Under Section 2 of the Act, terrorism includes an act or threat of action that causes death of a person or the overthrow of the government and that the act involves: serious bodily harm to a person; damage to property; a serious risk to the health or safety of the public or a section of the public; the use of firearms or explosives; or use any dangerous, hazardous, radioactive or harmful substance, etc.
Section 11 on soliciting and giving support to terrorist groups imposes imprisonment for a term not exceeding 15 years against a person who knowingly “(a) solicits support for, or gives support to, any terrorist group, or (b) solicits support for, or gives support to, the commission of a terrorist act.”
Under the provisions of Sections 28 and 29(4), the Attorney General of Swaziland upon reasonable grounds that an entity has knowingly committed or participated in the commission of a terrorist act is empowered to recommend to the minister responsible for national security to designate such entity as a terrorist organization. The provisions, however, do not afford the entity an opportunity to make representation before the final declaration of the minister, only to petition for its rescission thereafter and members, associates and supporters of the entity have no opportunity to be heard at any stage.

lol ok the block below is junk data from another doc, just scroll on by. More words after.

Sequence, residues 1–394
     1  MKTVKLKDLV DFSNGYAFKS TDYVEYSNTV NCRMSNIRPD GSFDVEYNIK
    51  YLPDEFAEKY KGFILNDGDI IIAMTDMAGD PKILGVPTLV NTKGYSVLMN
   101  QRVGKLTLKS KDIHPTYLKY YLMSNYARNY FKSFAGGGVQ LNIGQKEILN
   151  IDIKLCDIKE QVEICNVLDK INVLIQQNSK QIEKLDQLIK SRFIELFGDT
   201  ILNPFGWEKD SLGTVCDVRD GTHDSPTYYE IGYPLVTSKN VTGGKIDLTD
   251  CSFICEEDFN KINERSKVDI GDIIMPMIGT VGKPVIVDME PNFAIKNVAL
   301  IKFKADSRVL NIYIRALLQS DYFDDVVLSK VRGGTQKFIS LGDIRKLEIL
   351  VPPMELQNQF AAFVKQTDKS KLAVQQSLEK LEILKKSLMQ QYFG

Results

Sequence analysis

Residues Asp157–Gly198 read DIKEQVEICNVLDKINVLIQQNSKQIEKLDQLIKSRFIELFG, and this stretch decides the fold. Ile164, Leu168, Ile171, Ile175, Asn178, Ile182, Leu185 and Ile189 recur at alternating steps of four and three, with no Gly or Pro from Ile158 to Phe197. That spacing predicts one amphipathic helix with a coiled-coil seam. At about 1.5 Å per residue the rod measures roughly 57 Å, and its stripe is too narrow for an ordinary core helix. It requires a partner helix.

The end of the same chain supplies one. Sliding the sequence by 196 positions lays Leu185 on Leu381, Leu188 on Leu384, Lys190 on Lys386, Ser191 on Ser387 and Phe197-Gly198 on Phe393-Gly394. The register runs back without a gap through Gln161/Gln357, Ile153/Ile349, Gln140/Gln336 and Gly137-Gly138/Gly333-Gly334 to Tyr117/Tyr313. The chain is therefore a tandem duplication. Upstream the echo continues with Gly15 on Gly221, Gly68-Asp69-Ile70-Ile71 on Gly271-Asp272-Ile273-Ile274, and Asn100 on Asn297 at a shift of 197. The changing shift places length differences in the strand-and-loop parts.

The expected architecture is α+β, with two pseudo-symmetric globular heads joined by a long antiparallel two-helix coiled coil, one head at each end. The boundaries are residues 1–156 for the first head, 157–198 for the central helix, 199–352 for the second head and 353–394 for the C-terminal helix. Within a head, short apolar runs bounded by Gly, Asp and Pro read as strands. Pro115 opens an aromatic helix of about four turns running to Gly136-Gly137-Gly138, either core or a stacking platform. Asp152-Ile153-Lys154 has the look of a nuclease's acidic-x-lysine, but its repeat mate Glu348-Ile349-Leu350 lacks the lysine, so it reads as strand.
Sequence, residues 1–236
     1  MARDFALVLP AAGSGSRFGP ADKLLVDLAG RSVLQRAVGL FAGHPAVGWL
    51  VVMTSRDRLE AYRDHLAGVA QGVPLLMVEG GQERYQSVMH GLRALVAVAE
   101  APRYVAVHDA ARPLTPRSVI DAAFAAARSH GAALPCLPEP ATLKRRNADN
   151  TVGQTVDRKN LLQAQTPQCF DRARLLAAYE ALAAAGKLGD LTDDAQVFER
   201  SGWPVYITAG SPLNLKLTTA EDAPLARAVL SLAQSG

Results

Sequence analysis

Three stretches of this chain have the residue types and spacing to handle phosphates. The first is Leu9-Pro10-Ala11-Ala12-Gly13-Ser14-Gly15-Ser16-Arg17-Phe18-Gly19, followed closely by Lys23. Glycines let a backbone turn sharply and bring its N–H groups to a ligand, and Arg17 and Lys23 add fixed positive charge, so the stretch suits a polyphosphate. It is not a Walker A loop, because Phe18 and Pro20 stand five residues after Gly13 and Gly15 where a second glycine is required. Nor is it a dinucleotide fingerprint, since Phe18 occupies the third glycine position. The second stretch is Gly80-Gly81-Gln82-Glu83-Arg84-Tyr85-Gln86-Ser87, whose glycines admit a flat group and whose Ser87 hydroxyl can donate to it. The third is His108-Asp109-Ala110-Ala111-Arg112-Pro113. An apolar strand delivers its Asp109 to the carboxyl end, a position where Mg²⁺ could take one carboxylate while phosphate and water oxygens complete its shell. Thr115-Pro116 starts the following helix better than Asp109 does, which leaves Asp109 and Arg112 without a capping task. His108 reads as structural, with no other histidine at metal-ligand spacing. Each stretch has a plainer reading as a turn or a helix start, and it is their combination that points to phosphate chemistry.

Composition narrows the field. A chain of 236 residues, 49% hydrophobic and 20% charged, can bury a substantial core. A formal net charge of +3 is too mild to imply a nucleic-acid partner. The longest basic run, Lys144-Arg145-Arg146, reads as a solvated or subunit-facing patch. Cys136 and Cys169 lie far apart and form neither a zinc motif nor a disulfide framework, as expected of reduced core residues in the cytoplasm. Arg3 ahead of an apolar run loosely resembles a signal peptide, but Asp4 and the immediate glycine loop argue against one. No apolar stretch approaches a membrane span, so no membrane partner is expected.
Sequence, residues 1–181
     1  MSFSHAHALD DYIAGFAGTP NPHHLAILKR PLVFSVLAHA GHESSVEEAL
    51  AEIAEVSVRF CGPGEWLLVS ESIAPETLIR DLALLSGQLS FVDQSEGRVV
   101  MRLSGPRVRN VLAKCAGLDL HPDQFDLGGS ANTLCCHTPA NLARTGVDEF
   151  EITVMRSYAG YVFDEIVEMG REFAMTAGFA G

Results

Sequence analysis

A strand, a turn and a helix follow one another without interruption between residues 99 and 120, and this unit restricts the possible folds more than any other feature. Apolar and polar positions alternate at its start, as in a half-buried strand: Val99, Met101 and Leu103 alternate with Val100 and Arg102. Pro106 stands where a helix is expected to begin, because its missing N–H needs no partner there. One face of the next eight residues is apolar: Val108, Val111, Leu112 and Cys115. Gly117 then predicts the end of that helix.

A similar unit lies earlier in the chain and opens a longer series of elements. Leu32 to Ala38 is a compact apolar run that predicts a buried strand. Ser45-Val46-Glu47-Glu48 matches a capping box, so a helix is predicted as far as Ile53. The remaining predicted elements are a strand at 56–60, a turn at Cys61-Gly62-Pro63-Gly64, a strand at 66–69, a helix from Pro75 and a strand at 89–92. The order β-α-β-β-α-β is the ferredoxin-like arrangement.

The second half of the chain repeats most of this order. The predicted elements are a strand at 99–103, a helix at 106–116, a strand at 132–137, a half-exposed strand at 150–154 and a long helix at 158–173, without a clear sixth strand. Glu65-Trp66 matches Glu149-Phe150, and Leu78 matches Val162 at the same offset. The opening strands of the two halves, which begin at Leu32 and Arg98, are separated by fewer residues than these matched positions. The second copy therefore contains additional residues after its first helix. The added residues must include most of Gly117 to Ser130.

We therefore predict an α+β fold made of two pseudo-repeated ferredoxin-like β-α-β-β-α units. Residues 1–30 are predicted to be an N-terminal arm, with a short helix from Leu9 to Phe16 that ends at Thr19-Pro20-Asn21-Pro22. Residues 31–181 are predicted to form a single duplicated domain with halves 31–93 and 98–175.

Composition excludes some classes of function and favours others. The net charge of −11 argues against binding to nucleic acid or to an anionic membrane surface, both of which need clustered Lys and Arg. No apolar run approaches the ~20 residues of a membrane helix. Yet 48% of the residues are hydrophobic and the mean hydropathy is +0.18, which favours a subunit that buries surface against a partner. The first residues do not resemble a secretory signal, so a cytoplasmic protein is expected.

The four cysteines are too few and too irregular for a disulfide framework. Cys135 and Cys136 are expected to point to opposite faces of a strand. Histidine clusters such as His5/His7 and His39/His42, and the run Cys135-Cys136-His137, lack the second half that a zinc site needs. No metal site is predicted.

The applicants argued that the impugned provisions of the Sedition and Subversive Activities Act of 1938 adversely affected and infringed their right to freedoms of expression and association guaranteed respectively under Articles 24 and 25 of the Constitution. The government, on the under hand, submitted to the High Court that the charges were permissible restrictions on their rights.